HIV disproportionately affects Indigenous, Black and racialized people, as well as individuals who identify as gay, trans, bisexual or other men who have sex with men. Similarly, HCV disproportionately impacts Indigenous people and immigrants/newcomers (as well as people who use drugs and incarcerated people). To address systemic inequities and meet Canada’s commitments toward Reconciliation, federal parties must commit to investments in culturally safe, frontline programs and services that center the needs and experiences of Indigenous, Black, Latin, South-East Asian, South-Asian and other racialized people.

4) Canada needs National Pharmacare and equitable treatment access
Effective HIV medications have been key tools for improving prevention (pre-exposure prophylaxis) and treatment strategies, while HCV can be cured in most cases with available treatments. However, the accessibility of these medications is not equitable for all people in Canada based on socio-demographic factors and across provincial lines. Stigma, financial barriers, geographic remoteness and treatment side effects may all act as barriers to treatment access and adherence. It is vital that the federal government consider what steps it will take to ensure that all people in Canada have access to effective treatment, and work with the provinces and territories, alongside people with lived and living experiences, to provide equitable and fair access for all.

5) Canada must commit to evidence-based drug policy, including harm reduction, decriminalization of drugs, and provision of and access to safe supply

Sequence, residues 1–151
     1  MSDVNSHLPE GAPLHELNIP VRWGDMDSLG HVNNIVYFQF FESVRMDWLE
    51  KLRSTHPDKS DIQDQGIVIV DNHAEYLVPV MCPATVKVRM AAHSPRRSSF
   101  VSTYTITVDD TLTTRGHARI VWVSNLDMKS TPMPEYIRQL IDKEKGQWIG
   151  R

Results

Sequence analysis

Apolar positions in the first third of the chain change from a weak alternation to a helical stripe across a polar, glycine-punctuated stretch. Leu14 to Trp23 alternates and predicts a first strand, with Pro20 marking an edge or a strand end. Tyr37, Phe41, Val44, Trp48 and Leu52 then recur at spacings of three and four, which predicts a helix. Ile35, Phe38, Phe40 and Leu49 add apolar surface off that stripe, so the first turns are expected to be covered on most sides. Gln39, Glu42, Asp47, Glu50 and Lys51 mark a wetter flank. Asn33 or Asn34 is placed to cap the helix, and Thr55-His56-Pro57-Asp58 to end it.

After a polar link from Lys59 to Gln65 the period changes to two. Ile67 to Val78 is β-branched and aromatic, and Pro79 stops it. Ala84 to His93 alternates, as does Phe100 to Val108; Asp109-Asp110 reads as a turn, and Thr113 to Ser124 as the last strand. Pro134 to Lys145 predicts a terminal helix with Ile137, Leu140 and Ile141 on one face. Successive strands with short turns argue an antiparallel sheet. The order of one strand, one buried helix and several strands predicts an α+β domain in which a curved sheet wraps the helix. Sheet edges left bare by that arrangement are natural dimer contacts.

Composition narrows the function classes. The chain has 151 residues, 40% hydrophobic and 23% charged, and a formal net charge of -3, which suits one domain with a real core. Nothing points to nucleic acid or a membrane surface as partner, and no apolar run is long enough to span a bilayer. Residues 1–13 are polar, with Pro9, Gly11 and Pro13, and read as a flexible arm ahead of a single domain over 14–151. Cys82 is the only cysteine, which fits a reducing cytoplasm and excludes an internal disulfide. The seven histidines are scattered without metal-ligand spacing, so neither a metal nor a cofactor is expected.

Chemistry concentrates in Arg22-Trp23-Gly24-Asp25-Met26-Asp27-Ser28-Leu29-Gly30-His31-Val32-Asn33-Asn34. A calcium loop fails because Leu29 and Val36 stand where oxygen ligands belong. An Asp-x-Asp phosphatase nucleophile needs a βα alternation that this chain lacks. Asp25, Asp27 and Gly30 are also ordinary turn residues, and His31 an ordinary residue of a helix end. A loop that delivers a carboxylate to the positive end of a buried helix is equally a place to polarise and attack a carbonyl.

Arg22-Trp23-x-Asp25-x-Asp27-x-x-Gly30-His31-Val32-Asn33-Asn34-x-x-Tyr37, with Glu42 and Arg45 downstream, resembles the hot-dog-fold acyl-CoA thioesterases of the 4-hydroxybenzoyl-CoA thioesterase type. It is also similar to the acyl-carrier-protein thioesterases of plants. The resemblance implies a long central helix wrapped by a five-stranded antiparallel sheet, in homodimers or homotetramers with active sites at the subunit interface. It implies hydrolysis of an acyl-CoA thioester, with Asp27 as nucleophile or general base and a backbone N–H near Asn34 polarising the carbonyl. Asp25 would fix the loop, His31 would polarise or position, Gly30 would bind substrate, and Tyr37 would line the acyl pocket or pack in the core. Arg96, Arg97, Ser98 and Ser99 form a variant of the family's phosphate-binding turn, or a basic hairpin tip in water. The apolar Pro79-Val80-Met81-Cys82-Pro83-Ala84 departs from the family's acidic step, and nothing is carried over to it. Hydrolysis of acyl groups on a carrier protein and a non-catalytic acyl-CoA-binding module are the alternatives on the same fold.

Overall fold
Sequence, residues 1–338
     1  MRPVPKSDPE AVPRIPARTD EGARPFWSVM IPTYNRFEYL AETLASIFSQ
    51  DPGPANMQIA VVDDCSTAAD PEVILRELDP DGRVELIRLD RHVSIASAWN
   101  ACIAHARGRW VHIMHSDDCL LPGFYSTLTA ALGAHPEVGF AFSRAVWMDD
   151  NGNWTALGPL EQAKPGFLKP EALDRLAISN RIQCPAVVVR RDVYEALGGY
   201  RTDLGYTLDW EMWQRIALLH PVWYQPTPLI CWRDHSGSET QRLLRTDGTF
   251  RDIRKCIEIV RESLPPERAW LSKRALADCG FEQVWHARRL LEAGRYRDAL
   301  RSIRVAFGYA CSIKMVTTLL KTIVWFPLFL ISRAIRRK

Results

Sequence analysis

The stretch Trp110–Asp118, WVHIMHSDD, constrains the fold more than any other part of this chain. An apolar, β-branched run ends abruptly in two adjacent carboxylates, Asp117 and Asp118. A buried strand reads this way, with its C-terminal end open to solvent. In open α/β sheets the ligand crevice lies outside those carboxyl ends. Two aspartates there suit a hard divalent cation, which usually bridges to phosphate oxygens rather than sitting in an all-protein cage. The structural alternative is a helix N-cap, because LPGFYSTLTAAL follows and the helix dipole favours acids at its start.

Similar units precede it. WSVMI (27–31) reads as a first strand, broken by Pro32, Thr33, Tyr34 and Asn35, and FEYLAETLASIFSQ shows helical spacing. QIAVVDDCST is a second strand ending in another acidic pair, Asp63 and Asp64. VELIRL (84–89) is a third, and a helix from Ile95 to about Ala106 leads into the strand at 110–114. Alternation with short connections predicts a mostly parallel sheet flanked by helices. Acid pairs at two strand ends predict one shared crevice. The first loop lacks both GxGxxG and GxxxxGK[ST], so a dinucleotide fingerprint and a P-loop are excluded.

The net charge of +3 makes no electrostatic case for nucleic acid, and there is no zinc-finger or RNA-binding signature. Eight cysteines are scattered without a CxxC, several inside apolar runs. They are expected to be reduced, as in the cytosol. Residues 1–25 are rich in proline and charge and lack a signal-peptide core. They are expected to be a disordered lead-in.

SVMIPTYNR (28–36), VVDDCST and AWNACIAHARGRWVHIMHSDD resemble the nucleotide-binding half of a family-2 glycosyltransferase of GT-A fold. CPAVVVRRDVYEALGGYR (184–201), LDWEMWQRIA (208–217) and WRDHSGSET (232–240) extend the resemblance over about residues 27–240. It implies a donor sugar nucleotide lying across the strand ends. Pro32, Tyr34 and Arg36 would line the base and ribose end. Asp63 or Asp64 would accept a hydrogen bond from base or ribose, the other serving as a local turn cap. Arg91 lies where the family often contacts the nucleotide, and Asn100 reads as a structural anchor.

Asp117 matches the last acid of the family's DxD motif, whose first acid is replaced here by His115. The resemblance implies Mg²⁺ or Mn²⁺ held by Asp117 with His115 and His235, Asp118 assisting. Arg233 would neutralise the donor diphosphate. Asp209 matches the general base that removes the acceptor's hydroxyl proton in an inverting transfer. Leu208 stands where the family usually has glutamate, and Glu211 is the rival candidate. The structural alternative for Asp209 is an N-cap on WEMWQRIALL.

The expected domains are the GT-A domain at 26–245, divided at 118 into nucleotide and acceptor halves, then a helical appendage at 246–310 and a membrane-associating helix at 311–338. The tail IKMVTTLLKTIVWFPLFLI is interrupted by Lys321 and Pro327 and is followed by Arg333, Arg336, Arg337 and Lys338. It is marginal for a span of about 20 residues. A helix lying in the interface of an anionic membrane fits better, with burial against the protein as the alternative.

Since 2016, more than 21,000 Canadians have lost their lives to opioid overdose due to a toxic drug supply. Additionally, injection drug use continues to be a significant risk factor for new HIV and HCV infections. Many people who use drugs in Canada do not have universal access to supervised consumption or other harm reduction services, and community-based harm reduction organizations constantly face financial and policy-related barriers. Criminalizing drug possession fuels stigma and discrimination against people who use drugs and deters their use of health and harm reduction services. The federal government must commit to immediate action to address the drug poisoning crisis, including decriminalization and meaningful consultation with people who use drugs in the development of all related programs and policies.

6) Canada must affirm the health and human rights of sex workers
Laws criminalizing sex work, including those passed under the Protection of Communities and Exploited Persons Act (PCEPA), stigmatize and marginalize sex workers and force them to work in a criminalized context where they are isolated from supports, made vulnerable to exploitation, eviction, subpar working conditions and violence. Criminalization also hinders their access to basic health and social services and justice. Repealing laws criminalizing sex work and developing evidence-informed policy through meaningful consultation with sex workers, including Indigenous, Black, Asian and migrant sex workers, can promote safer work environments that uphold sex workers’ health and human rights, including their access to services for HIV, HCV and other STBBIs.

There is no time to waste. Without addressing these priority issues, we will not end the HIV and hepatitis C epidemics, nor will we stop the drug poisoning crisis in Canada. It is clear that these public health crises require firm, fully funded commitments and genuine leadership from our federal parties.